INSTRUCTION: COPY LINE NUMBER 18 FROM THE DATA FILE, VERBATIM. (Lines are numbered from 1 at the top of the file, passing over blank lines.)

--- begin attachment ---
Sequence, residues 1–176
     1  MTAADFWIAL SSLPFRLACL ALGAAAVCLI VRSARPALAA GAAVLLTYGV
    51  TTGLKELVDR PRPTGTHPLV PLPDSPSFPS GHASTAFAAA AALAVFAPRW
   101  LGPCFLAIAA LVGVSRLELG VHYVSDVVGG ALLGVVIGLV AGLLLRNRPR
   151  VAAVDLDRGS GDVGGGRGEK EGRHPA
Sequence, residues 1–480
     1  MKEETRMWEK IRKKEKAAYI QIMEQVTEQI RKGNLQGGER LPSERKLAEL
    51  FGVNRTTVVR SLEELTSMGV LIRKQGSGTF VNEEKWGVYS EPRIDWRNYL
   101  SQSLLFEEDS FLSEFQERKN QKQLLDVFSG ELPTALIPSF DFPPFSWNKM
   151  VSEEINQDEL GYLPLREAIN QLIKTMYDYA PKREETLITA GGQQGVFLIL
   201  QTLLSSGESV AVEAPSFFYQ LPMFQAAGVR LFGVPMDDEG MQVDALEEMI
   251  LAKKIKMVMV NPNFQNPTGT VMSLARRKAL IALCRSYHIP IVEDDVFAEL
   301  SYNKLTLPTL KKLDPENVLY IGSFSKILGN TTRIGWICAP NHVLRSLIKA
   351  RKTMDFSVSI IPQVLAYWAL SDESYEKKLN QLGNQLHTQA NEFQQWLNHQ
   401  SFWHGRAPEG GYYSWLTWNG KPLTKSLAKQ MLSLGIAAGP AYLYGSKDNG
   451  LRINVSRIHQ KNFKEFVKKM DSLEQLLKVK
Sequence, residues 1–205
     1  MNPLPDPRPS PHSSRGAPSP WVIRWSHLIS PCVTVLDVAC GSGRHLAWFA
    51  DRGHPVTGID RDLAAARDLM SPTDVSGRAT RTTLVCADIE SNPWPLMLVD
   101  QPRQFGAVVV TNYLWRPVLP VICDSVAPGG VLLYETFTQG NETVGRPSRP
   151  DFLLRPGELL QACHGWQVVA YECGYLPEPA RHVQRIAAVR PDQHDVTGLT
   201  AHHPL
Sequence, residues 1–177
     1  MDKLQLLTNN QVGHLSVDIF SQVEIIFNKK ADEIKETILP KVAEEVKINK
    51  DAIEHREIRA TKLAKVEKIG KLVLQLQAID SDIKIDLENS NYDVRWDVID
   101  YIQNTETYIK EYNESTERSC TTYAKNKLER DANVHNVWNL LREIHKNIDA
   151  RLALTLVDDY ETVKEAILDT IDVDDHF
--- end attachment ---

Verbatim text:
     1  MNPLPDPRPS PHSSRGAPSP WVIRWSHLIS PCVTVLDVAC GSGRHLAWFA